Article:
Suddenly I heard some people singing what seemed like hymns.  Soon I traced the sound to a church.  There are more than a hundred people attending outside the church, many standing on the side walk.  Evidently there were too many people who wanted to attend mass there.  

Many were quite young.  In particular, there were many young men.  That’s quit different from the situation in China, where they seems to be more older folks in the church.  

An overflowing church with many young people is a good thing. 

Friday, May 13, 2016

The people of UAE

The United Arab Emirates, similar to many other Gulf States, has many more expatriates (7.8 million) than citizens (1.4 million, 15% of the population).  
When I was running on the streets, I met 4 young people from Pakistan taking their lunch break from work on the side walk.  They were very friendly, and invited me to share their lunch. 

A very kind security guard from Kashmir showed me the way to get to the Ai Ain Oasis. 

At the conference itself, there were many delegates from the Gulf States.  Among them, many came originally from Egypt, Turkey, Syria, Lebanon, Thailand, …   There is this big guy working at the Petroleum Institute of the UAE.  Most of their students are UAE citizens who will end up working for the petroleum industry.  But he himself was from Syria.  He has been working at the UAE for more than 20 years, but he has no chance of becoming an UAE citizen.  Fortunately he can review his passport at the embassy.  

At the Dubai airport, there seems to be a lot of people from the Philippines.  One of them told me that 90% of the workers at the airport are from the Philippines.  Another said they are the best.  

If a well-educated Syrian professional, like most expatriates, has no hope of becoming a citizen despite working there for decades, what chance is there for Syrian refugees to move here?

Thursday, May 12, 2016

Al Ain Oasis

I am in Al Ain, in the Emirate of Abu Dhabi, United Arab Emirates.  I am here to make a presentation about international collaboration on service-learning at a conference on education. Al Ain is an hour east of the city of Abu Dhabi, and an equal distance south of the city of Dubai. Al Ain, Abu Dhabi and Dubai together form an equilateral triangle.  I took advantage of a lull in the conference to run through the oasis.  

The oasis is the reason that there is a city of 650,000 people here in the middle of the desert.  I don’t think I have ever been at a real-life oasis.  So I was curious.  I found that the oasis is fenced in all around.  It took me some time to find an entrance.  Subsequently I found that there are many more.  Outside one of the entrances, I found a strange structure.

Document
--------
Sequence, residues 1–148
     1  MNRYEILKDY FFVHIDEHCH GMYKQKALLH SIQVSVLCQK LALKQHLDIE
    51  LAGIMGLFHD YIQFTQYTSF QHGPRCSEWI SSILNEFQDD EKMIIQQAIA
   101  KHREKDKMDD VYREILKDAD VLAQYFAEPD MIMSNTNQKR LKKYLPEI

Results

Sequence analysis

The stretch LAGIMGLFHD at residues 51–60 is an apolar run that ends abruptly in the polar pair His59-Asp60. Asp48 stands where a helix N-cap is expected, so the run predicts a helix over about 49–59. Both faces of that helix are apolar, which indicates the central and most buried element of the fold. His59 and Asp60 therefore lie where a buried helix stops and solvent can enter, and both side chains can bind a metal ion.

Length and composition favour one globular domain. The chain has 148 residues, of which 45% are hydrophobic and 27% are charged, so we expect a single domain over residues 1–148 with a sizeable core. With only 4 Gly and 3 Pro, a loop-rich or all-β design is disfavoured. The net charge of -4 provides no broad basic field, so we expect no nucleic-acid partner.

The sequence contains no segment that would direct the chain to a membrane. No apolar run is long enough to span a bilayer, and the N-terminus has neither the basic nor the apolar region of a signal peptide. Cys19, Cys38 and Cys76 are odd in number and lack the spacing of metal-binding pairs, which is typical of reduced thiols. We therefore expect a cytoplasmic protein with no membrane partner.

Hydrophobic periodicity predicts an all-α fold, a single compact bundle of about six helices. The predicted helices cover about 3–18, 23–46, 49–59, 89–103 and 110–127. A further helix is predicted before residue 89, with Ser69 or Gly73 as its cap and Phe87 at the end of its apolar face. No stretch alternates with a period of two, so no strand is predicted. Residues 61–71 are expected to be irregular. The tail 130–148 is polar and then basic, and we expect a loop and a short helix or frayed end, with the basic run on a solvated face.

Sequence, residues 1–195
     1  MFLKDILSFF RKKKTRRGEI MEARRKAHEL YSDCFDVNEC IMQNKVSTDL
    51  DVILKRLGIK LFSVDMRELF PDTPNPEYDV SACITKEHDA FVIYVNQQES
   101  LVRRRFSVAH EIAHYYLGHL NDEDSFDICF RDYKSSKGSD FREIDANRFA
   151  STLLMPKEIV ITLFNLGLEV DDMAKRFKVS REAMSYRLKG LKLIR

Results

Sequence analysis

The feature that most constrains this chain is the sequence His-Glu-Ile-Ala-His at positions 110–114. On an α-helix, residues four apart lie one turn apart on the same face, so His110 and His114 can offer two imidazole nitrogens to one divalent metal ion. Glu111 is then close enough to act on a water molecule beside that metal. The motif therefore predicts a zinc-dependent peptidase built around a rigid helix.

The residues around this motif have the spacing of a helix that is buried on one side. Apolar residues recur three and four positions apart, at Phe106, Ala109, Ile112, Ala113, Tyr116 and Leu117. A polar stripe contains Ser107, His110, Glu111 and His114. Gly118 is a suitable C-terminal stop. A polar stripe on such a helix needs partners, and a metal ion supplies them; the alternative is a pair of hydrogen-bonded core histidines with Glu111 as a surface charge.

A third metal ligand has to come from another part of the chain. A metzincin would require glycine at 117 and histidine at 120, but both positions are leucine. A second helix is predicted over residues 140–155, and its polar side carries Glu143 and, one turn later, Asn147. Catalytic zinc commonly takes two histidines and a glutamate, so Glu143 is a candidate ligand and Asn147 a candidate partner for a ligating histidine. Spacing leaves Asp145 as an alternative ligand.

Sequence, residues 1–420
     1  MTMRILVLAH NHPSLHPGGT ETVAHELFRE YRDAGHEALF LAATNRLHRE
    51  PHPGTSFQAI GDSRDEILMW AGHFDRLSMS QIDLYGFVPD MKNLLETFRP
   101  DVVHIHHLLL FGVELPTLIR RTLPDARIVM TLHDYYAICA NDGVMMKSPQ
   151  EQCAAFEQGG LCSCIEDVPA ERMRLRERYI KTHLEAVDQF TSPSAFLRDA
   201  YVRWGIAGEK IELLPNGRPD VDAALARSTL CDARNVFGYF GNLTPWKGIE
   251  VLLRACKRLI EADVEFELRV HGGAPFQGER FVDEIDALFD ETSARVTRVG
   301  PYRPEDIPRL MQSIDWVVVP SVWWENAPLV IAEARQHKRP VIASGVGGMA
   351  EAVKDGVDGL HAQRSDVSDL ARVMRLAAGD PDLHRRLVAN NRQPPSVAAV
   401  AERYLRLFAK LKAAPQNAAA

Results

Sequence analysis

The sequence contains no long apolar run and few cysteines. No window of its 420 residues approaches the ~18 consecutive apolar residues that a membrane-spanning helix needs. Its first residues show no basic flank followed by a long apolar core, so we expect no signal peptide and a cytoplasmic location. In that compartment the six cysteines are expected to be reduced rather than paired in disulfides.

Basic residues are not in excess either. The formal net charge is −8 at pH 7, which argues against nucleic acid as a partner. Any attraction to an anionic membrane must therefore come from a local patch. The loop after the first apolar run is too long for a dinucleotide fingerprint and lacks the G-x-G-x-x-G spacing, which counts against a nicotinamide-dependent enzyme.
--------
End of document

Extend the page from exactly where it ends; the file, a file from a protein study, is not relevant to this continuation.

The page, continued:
It is criss-crossed by many paths, some of them paved and wide enough for cars to drive through.  Others, however, are little more than narrow, winding dirt paths.  

It is dotted by many mosques.  But the one thing that is plentiful is palm trees.  Specifically date palms.  

I could’t find the source of the river.  But I did find water flowing through some of the water channels.  

Outside the oasis, on the street, it was 40 degrees Celsius. But inside the oasis, under the palm trees, it was almost cool.  Even though it was 40 degrees outside, it felt more comfortable than summer in Hong Kong because it is dry here.  

Monday, May 09, 2016

Hong Kong Families

Government reports can be interesting.  The 2014/15 Household Expenditure Survey reports that the average Hong Kong household has 3 persons, and it has barely changed in the past 10 years.  This matches the common perception that, for a long time, a couple typically has one child.  
Those of us who like fish know that fresh-water fish is generally less expensive than salt-water fish.  Lo and behold, the poor eat more fresh-water fish than the rich (109 : 81).  But they eat less salt-water fish than the rich (167 : 298).  

A poor family spends $2,430 on rent each month.  The rich?  $18,107, 7.5 times more.  That’s a big discrepancy in the living environment. 

The poor spends $128 each month on seeing the doctor, while the rich spends $1,796, 14 times more.  That certainly does not mean that the poor are healthier.  If anything, they are probably in worse health.  But they simply cannot afford to spend much to take care of their health.  

Even more worrying is education.  A poor family spends $165 per month on school fees.  A rich family spends $2,822, 17.1 times more.   It is easy to project whose children gets a better education, and a better prospect in life.   That’s part of the reason that the rich gets richer, and the poor remains poor.  

Is this the kind of society we want?